- In healthcare places, display information on medical procedures, treatments, and conditions to educate patients & visitors.

**Examples**

- An organic company uses pictograms of vegetables to educate people about the significance of healthy eating.
- Delhi train station utilizes train pictograms to assist passengers in finding their routes.

**12. Dot Plot**

A Dot plot is an easily readable chart that uses dots as data points for values distribution & compares different categories. Each dot represents a specific data point along the vertical/horizontal axis.

**Uses of Dot Plot**

- Dot plots are effective when you want to differentiate between groups or categories using data distribution via dots of different colors.
- In education institutes, teachers create dot plots showing test scores distribution for a class.
- Experts in marketing use dot plots to represent the distribution of customer ratings on a specific product.
- In sports, to create distribution dot plots for goals/points scored by a school team for a season.

**Examples**

- Test scores distribution of different students of a class. Each dot represents a student’s score on a horizontal axis, while the dot’s number represents students’ numbers who received that score.

**13. Radar Chart**

A Radar Chart ( **start chart **or **spider chart** ) displays data on a circular grid having multiple axes rising from the center. The axes look similar to a radar’s antenna spokes. We plot data points along each axis & line connecting to make a polygon shape.

**Uses of Radar chart**

- The sole motive for using a radar chart is to display data patterns across many variables. It’s effective to compare diverse groups/categories dependent on many dimensions.
- It’s used in sports for performance comparison of a team across different categories like points, steals, etc.
- Marketers use a Radar chart to compare the pros & cons of different brands across attributes like quality and customer satisfaction.
- In education, you can use a radar chart to compare a school’s academic performance across different subjects.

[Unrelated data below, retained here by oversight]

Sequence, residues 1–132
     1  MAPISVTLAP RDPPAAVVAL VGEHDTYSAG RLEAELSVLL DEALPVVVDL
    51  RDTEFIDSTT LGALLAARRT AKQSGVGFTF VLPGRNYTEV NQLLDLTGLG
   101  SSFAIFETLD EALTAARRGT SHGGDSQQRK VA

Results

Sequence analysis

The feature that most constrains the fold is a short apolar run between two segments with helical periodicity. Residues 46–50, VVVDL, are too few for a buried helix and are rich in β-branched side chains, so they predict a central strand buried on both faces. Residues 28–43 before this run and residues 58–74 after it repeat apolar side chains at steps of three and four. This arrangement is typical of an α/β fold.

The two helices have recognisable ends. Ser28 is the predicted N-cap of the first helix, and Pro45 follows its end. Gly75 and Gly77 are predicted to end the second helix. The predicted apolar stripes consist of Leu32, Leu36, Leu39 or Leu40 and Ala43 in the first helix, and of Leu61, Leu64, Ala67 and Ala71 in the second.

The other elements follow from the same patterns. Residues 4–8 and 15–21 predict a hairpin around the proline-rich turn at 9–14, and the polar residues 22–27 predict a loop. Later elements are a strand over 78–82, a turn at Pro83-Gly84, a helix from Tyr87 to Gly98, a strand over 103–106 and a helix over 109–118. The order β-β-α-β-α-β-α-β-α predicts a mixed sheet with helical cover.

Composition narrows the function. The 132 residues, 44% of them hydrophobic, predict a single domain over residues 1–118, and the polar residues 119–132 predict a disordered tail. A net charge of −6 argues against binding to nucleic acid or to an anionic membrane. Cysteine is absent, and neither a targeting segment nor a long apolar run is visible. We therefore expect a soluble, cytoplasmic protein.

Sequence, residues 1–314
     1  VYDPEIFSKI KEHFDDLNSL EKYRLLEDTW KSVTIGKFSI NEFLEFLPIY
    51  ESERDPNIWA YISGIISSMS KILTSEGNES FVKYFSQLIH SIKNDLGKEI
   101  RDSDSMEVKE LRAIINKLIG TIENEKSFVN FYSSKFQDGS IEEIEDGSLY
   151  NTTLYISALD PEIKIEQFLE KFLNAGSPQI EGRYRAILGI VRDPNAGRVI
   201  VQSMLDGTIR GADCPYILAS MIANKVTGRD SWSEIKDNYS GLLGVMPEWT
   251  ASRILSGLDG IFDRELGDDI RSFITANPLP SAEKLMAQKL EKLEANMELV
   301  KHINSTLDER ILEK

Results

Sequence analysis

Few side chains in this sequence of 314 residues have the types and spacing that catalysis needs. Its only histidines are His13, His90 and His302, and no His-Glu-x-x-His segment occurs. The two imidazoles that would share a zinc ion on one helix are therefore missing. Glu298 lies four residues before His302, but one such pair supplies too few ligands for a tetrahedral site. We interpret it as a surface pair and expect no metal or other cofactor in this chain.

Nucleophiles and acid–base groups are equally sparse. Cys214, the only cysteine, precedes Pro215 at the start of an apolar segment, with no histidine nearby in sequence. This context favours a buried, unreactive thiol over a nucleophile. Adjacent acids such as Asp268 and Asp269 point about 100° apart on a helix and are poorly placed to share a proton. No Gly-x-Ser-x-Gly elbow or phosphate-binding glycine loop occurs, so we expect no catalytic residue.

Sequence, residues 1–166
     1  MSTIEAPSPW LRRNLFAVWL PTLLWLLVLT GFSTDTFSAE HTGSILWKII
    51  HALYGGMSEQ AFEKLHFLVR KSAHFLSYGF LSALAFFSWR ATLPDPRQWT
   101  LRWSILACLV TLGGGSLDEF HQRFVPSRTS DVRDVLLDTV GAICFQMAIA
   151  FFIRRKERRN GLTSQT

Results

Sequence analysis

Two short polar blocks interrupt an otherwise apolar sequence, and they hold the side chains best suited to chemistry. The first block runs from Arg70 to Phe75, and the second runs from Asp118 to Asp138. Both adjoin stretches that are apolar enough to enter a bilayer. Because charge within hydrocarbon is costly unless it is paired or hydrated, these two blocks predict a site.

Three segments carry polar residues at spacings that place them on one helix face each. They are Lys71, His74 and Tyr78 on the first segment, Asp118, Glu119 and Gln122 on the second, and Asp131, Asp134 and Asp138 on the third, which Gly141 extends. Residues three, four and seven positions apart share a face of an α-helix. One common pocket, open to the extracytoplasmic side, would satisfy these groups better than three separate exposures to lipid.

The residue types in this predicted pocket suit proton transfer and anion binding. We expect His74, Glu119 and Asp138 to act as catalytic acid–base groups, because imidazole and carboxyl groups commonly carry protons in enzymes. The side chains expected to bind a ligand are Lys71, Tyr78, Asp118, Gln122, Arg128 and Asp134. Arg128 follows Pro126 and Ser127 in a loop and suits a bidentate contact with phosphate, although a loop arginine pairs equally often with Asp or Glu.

**Examples**

- Comparison of three smartphones based on various features like camera quality, battery life & video quality.
- Comparison of marketing metrics performance such as open rates, website engagement, traffic, etc.

**14. Pyramid Graph**

A Pyramid graph represents data in a pyramid shape. We divide this chart into different horizontal sections representing a diverse category/group. Each section size represents a group size arranged in a pyramid of decreasing order.

**Uses of Pyramid Graph**

- People use a pyramid graph to represent the relative sizes/proportions of different groups of a varying size population.
- They are widely used in demographic studies to represent the distribution of a customer base across diverse age groups and more categories.

**Examples**

- Age distribution of a Delhi city population. The youngest people are represented at the bottom end, while elders are at the top.
- Sales distribution of Apple company products. The most popular reside at the top, while the least popular at the end.

**Conclusion**

Selecting a specific graph or chart might seem challenging initially. You can pick one after analyzing your data type and the process you want to implement for the data. By understanding graphs and charts’ uses and examples, applying them for studying relations and driving valuable insights from your collected data will be easy.